Nearly 42 years after Aaron Spelling’s The Love Boat – one of the most watched TV series of its time – first aired, the cruise industry continues to reinvent and has attracted the attention of African American travellers through Festival at Sea: Cruising with an African- American Twist, the brainchild of Patricia Nicholson Yarbrough.
Yarbrough has always been a travel pioneer. She launched San Francisco-based travel agency Blue World Travel Corp in 1978, but a full 14 years passed before Yarbrough noticed a gap in the market for a cruise tailored around African-American culture and entertainment.
Enter the award-winning Festival at Sea, which has grown from its first group of 250 passengers in 1992 to a sold out annual full-ship charter with a waiting list as long as the bible, plus a number of spin-off events.
As she gears up for Festival at Sea’s 28th sail later this year on Celebrity Equinox, Yarbrough shares her experiences of the industry and the lessons she has learnt with Telegraph Cruise.
Where did you get the idea for Festival at Sea: Cruising with an African-American twist from?
You know, I came up with the idea through personal experience and that of friends, family and clients onboard cruises. They weren’t participating to the fullest, there were things they weren’t enjoying. For example, we were going to the clubs and dancing to R&B for a couple of songs, but then say country and western would play and we’d be sitting for an hour, waiting for the music we wanted to dance to, to come back on. Or else there would be [the card game] bridge on board but a lot of our people prefer to play Bid whist.
The existing cruises were fine but, culturally speaking, I thought I could offer something that would enrich African Americans and that they would truly enjoy. And that’s how Festival at Sea: Cruising with an African American Twist came about.
You built Festival at Sea from scratch. Were you always confident of success?
Well, I’d had the agency [Blue World Travel Corp] for over 10 years and so was confident that I knew the travel industry and really believed that Festival at Sea was an excellent idea. I said: “This will work”.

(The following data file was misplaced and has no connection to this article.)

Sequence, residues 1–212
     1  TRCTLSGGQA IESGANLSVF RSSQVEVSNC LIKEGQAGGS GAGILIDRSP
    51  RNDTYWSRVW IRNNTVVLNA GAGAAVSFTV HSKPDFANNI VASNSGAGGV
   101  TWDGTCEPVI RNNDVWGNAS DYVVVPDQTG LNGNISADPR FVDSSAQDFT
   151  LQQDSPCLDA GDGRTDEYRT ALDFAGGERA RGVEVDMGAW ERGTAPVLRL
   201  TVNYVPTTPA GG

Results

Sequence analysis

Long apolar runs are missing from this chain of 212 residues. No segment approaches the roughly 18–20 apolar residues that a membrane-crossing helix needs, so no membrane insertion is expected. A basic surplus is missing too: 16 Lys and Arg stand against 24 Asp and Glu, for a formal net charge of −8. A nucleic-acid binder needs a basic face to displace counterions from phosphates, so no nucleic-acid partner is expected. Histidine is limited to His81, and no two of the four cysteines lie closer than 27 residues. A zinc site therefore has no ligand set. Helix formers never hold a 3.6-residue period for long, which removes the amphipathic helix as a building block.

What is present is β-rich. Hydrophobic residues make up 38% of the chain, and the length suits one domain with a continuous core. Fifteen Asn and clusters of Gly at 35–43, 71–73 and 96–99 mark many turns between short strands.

There had been themed cruises before Festival at Sea – for example, dance cruises, cruises for chocolate lovers – but nothing with a cultural aspect. It took a while to get on track – and Festival at Sea didn’t make any money for the first few years – but we stuck with it.
The first year we had just 250 people. The following year, we were up to 450 guests and by the fifth year we had our first full ship charter. This year, we’ll be sailing with 3,000 passengers. It’s exploded and now we want to welcome people, not just from America but from the UK and around the world, to come and enjoy.
Why is Festival at Sea so important to the African-American community?
It’s hard to put into words… it’s just magical. It’s a really special feeling when an African American community – and not just African Americans but people from all over, including the UK – get together and enjoy and celebrate their culture.
I join the sailings and we have developed, over the years, a committee of about 80 volunteers who come on board and assist with activities ranging from Gospel brunches to African head wrap demonstrations.
We have people who have grown up on Festival at Sea (and are now in their thirties and forties) that are still coming back. It’s like a big family reunion every year – there’s a real sense of community.
How does Friends of Festival at Sea differ from Festival at Sea?
We started Friends of Festival at Sea in 1998, 10 years after launching Festival at Sea [which focuses on the Caribbean], for African Americans who wanted to explore the world together.
Last year, 70 of us boarded a Baltic cruise that sailed from Copenhagen to Russia and Amsterdam before ending up in Southampton. In March 2020, the Friends group will set sail on a 15-night Singapore to Hong Kong cruise onboard the Crystal Symphony while in December 2020, another group of 70 will sail on the Regent Seven Seas Voyager around South Africa.
If Telegraph Cruise readers were to sail to just one destination, where should they go?
That’s a difficult question. I can’t choose just one! There are so many places I have sailed to and really enjoyed. For instance I have experienced Carnival in Rio via a Friends of Festival at Seas cruise and that was an unmissable experience. And then there was the time we cruised into Dakar… here we were, cruising back to where a lot of slaves left on ships, while being waited on hand and foot. It was an amazing experience to thank our ancestors and say: “We have come back, we have come home, but look how we have come home”.